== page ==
In today’s economic climate, organisations have been keeping a close eye on budgets, and because of this, headcount sign-off has become harder to get. This has started to influence the way that tech companies are approaching recruitment or hiring for data roles.
For example, Ross Henderson, Director and Head of Harnham’s Netherlands branch, has noticed a growing concern among hiring managers and companies to find “the right fit,” and as a result, many have started to add an extra “surprise” interview stage at the end of their recruitment process, after a candidate has completed the specified interviews they were initially prepared for.
While it’s understandable that companies and hiring managers feel the need to ensure their new hires are a good match, Henderson explains why adding an extra interview stage at the very end of a hiring process can be detrimental, and may actually deter top-tier talent from joining your team.
Three Reasons Why You Shouldn’t Add an Extra Interview
Below, we share three reasons why adding an extra “surprise” interview can be a risky move, and what you can do instead to gauge a candidate’s fit without putting them off the role.
Reason 1: Increased chance of losing the candidate to competition
The longer you drag out an interview process, the more opportunity you are giving your competitor to approach your interviewee. The best candidates are typically being approached about multiple roles, and the time added to your hiring process gives more time for other businesses to complete their process, sell their roles, and make offers.
Reason 2: Decreased candidate experience
Candidates often make assumptions about the reason for adding an extra stage. They may come to the conclusion that your company is disorganised, that you aren’t sure on their application or their fit, that you’re holding out for a better candidate, that their expertise is being used for consultancy experience, or the company isn’t serious about the hire. Often, these are unfounded, but based on conversations with candidates, these things come up and can taint the candidates experience and their perception of your organisation.
Reason 3: 50% of candidates said it “puts them off” of a role
We turned to our network of thousands of data professionals on LinkedIn, and ask them via a LinkedIn poll how they felt about an extra stage being added to an interview process after completing the number of interviews specified at the beginning—of the 1,300 respondents, only 5% said they liked it, while 78% said they either felt put off by it or hated it.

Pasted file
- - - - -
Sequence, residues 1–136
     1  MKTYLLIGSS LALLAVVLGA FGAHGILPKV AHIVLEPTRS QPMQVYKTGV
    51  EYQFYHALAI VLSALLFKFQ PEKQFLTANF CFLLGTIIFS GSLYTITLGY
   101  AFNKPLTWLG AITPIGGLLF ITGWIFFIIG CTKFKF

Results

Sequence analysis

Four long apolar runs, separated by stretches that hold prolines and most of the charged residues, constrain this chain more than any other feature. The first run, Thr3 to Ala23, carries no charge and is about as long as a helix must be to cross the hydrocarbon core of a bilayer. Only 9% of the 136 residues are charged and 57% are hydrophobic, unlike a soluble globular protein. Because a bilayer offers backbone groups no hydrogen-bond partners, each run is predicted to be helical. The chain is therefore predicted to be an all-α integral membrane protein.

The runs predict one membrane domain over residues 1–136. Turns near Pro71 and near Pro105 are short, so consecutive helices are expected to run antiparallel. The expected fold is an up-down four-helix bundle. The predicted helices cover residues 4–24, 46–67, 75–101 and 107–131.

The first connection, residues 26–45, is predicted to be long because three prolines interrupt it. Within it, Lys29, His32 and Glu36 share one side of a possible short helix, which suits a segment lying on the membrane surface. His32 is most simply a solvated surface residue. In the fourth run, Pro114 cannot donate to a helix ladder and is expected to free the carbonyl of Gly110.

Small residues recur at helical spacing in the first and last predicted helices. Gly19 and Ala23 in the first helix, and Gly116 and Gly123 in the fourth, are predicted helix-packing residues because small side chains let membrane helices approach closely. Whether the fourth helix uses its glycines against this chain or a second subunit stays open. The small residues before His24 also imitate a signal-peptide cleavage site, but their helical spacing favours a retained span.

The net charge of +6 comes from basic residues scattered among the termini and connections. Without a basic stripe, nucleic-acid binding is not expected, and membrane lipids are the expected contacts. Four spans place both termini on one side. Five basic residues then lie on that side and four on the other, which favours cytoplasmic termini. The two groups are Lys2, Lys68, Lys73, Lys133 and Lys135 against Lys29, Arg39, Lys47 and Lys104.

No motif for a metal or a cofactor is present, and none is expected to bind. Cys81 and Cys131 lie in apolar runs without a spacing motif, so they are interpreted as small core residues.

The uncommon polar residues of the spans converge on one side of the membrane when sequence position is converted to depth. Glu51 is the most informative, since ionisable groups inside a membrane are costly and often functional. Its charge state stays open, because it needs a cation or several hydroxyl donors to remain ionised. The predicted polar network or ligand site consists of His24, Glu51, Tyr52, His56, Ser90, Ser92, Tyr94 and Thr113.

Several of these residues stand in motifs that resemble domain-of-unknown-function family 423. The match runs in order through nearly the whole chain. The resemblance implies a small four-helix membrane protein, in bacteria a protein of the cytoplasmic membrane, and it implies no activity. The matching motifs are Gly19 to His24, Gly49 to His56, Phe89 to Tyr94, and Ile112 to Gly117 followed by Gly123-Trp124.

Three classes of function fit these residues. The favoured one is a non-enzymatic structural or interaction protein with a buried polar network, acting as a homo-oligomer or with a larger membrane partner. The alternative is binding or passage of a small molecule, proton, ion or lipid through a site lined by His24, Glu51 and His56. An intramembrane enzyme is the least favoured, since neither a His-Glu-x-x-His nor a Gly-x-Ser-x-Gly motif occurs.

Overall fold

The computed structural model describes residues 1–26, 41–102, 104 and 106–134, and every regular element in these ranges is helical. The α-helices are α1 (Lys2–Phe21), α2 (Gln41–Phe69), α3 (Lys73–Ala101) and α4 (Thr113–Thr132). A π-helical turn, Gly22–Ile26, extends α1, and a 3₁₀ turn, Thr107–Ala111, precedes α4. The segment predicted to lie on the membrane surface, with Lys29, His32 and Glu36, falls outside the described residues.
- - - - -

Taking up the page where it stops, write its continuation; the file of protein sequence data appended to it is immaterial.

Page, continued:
As the data shows, there’s a very high chance that adding an extra interview will give a candidate a negative impression of your organisation, and the reality is there are better ways to thoroughly screen a candidate to ensure the right fit.
Of course, there are scenarios where an additional interview is unavoidable. However, there are steps you can take to ensure your candidate’s experience is as smooth and streamlined as possible:
- Really know what you’re looking for: have a clear picture at the start of the process on the competencies, technical skills, and culture requirements you’re looking for. Identify which skills are essential, and which ones are just nice to have. You can do this by putting them into a framework to assess them. This is an important step because it can be easy to get excited by a candidate, only to realise down the line that you hadn’t tested them on several things that are crucial for the role.
- Map out your process beforehand: Figure out how you’re going to test your candidates on the core competencies of the role, ideally in three steps or fewer. Be clear about what needs to be tested and when.
- Loop in the right stakeholders early on: When mapping out your process and defining core competencies, loop in the budget holder, the HR / Talent team, and a specialist recruitment partner. If everyone aligns at this stage, it is less likely to change during the process.
It’s completely understandable that requirements can change during a process and interviewing candidates can sometimes make a manager realise what they need. If that does happen during processes, don’t be afraid to iterate and redefine the process for the new requirements. Proactive communication, and context for candidates, is key.
If your company needs support finding the right data talent, get in touch with our team today.